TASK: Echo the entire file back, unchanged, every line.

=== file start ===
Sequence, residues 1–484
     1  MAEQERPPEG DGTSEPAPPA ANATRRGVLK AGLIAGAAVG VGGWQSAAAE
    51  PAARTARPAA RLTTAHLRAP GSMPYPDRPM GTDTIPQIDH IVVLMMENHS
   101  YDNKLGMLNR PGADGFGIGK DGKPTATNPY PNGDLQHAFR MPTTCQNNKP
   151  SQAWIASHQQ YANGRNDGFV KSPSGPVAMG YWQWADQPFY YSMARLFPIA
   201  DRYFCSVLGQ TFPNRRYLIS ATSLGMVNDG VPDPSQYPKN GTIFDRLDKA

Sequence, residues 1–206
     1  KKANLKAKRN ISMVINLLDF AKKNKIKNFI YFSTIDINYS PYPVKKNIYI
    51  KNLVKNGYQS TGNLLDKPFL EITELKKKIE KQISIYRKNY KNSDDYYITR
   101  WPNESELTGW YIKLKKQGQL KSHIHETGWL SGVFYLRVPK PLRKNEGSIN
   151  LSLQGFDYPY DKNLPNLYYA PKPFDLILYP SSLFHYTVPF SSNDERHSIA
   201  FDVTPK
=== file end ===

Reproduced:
Sequence, residues 1–484
     1  MAEQERPPEG DGTSEPAPPA ANATRRGVLK AGLIAGAAVG VGGWQSAAAE
    51  PAARTARPAA RLTTAHLRAP GSMPYPDRPM GTDTIPQIDH IVVLMMENHS
   101  YDNKLGMLNR PGADGFGIGK DGKPTATNPY PNGDLQHAFR MPTTCQNNKP
   151  SQAWIASHQQ YANGRNDGFV KSPSGPVAMG YWQWADQPFY YSMARLFPIA
   201  DRYFCSVLGQ TFPNRRYLIS ATSLGMVNDG VPDPSQYPKN GTIFDRLDKA

Sequence, residues 1–206
     1  KKANLKAKRN ISMVINLLDF AKKNKIKNFI YFSTIDINYS PYPVKKNIYI
    51  KNLVKNGYQS TGNLLDKPFL EITELKKKIE KQISIYRKNY KNSDDYYITR
   101  WPNESELTGW YIKLKKQGQL KSHIHETGWL SGVFYLRVPK PLRKNEGSIN
   151  LSLQGFDYPY DKNLPNLYYA PKPFDLILYP SSLFHYTVPF SSNDERHSIA
   201  FDVTPK